The day started with a brief overview of Cargill’s history. Starting as a small family business with a single storage silo, Cargill has grown into the largest privately-owned company in the world. Today, Cargill’s 155,000 employees in 70 countries draw together the worlds of food, agriculture, nutrition and risk management. Ralf Jakobi, Cargill’s Novel Ingredients Leader gave the students a warm welcome. He recently replaced Didier Bonnet who was involved with the Student of the Year awards since 2012.
The students were given the opportunity to present their work to Cargill employees working on all facets of developing food and beverage products. Tom Bernaerts kicked off by explaining how microalgae could be used as texturizers in processed foods with the additional benefit of being rich in essential amino acids and long chain omega fatty acids. Advising to use thermal rather than pressure processes to increase viscosity. This presentation was then followed by how pulsed powered microwave assisted freezing resulted in more refined ice crystals (low LIC) and a more homogenous microstructure by Piyush Kumar Jha. He found that this technique provided better firmness and less drip loss than the constant microwave powered freezing. Unfortunately, Silvia Brandner, who won 1st prize in the PhD student category, was unable to attend to present her work on optimizing dough resting time through mechanical/ electrical stimulation.
Ozan Karatas, the 1st prize winner of the MSc student category, spoke about the findings of his computational model to improve the homogeneity of product temperature by experimenting with geometry (the round corner effect) and varying the rotation. The latter, however, proved to have no effect on product temperature uniformity. Feng Xu’s presentation on a bio-inspired saliva substitute that could benefit the growing elderly population and people with reduced saliva due to health issues, received much interest from the audience. The biomimetic saliva that was developed during her research has the ability to form a multi-layered film structure that provides wettability even after 72 hours. Last, but not least, Qinhui Xing, winner of the Popular vote, presented her research on alternatives for wet fractionation to produce protein-enriched soy flour. Good results were found using electrostatic separation with spiral charging tube and organic solvents.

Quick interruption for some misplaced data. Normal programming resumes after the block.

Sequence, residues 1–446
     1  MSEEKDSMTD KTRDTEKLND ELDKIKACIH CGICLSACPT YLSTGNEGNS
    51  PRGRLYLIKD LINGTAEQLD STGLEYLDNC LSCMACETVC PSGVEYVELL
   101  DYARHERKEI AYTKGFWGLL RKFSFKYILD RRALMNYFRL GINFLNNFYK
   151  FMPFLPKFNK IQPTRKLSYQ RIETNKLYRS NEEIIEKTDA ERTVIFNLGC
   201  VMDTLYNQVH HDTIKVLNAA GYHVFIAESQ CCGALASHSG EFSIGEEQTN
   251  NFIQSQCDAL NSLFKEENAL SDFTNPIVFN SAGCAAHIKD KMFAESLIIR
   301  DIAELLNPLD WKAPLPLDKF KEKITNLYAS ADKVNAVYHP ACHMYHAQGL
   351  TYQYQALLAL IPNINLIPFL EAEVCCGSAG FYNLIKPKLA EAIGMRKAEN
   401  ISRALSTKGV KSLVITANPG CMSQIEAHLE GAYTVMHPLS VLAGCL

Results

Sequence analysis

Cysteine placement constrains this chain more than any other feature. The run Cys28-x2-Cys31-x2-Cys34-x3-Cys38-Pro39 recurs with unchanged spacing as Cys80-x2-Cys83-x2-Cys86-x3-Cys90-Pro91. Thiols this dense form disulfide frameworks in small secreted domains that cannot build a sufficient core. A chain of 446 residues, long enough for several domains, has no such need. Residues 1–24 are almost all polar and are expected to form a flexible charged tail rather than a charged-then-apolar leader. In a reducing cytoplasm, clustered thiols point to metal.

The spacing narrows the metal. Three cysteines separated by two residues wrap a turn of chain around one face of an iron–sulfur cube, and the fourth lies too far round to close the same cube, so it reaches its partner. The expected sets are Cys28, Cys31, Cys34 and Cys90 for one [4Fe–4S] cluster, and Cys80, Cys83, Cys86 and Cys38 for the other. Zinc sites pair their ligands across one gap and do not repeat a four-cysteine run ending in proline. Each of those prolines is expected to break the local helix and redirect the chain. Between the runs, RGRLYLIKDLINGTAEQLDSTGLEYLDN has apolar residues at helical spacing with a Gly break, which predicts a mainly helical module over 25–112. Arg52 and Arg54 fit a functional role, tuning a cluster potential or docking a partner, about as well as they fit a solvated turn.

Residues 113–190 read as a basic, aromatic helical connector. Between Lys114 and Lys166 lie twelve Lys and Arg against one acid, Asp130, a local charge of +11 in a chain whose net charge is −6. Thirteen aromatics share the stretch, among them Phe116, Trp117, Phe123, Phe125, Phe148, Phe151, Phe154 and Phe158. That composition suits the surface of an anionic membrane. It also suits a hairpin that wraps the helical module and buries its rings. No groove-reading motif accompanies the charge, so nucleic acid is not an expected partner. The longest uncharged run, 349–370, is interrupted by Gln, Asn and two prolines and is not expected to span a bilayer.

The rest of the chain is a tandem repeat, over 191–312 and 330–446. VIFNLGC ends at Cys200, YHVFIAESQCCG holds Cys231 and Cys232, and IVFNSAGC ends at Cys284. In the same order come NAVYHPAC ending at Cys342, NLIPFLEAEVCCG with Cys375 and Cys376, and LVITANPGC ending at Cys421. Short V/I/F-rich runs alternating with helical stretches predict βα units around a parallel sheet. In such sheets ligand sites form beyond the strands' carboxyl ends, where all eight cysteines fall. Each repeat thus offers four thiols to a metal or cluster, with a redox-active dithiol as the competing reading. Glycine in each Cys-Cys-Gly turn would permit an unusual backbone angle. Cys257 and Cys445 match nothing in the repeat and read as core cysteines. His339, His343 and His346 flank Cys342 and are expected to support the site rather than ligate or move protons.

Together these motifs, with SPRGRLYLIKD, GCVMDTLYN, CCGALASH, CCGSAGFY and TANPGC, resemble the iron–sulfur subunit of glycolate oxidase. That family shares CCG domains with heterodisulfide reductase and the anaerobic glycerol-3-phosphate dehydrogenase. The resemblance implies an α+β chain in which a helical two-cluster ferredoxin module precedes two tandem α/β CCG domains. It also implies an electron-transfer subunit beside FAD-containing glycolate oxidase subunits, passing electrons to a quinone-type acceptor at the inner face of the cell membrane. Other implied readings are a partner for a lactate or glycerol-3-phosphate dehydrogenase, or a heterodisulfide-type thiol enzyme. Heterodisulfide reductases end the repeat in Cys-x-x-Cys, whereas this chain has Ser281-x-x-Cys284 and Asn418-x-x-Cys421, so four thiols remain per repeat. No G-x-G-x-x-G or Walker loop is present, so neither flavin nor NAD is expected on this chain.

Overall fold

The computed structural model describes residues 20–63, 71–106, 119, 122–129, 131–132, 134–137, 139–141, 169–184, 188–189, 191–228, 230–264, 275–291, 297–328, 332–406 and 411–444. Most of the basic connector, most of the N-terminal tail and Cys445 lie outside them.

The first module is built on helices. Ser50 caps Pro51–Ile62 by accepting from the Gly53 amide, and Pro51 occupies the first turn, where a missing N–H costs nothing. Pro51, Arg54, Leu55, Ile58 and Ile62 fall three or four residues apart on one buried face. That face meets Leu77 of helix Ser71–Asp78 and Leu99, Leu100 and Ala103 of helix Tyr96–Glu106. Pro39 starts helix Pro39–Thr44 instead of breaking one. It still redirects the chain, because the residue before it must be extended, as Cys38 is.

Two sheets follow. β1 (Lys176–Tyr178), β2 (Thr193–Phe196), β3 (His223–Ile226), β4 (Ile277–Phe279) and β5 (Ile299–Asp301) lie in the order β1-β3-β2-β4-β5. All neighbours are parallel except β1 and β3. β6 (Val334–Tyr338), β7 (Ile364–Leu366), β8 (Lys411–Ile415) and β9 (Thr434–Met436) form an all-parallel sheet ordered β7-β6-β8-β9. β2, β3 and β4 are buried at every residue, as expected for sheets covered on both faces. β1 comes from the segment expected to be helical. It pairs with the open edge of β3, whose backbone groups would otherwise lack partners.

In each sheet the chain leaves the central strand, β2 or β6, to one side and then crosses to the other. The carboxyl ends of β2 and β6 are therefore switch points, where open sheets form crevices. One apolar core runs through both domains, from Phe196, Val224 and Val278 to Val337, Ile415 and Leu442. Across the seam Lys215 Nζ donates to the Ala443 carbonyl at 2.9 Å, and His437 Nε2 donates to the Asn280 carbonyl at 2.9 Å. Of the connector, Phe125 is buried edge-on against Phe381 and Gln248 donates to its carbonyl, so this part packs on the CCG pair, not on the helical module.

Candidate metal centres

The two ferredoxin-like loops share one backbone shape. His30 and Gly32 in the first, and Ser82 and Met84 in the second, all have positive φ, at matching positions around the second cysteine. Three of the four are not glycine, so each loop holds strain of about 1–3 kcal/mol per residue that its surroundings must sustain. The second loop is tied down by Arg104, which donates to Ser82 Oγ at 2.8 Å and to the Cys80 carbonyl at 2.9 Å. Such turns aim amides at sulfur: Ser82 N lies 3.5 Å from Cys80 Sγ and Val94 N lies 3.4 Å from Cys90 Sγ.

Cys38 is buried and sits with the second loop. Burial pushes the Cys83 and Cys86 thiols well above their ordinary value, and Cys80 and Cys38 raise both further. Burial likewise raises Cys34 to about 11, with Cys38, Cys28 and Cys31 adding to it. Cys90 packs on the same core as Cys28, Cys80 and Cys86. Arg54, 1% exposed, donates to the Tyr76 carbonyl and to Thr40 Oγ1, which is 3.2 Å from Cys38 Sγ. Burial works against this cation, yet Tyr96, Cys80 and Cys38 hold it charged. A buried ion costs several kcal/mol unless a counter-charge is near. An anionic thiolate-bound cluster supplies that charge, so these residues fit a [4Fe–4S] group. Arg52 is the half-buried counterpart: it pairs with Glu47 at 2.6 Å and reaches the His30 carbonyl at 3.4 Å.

In the afternoon, the students had a tour of the Cargill R&D facility stopping at a number of departments to speak to Cargill food scientists about their work. Every day, the R&D centre aims to help meet the ever-changing needs of Cargill’s customers, across different applications covering the spectrum of food and feed ingredients science as well as non-food applications. A current challenge is to reduce sugar and fat in food products, while still giving consumers the same experience and mouthfeel. When reducing sugar, alternative sweeteners and ways to compensate for volume loss need to be found. In the confectionary department, they explained that it is important to find alternatives that are also suitable for vegetarians and vegans. An example of how fats are reduced by replacing it with water and texturizers to maintain viscosity was shown, reducing fat in mayonnaise by 80%. Another highlight of the tour included seeing see state-of-the-art equipment, such as the robot in the microbiology lab. Cargill is developing sustainable and natural processes, not only to improve the functionality of food but also to use less water and less energy at production plants.
Check out the Student of the Year Award 2019 if you or someone you know would like to attend the EFFoST International Conference 2019 and visit Cargill R&D centre. The application deadline is 15 July 2019.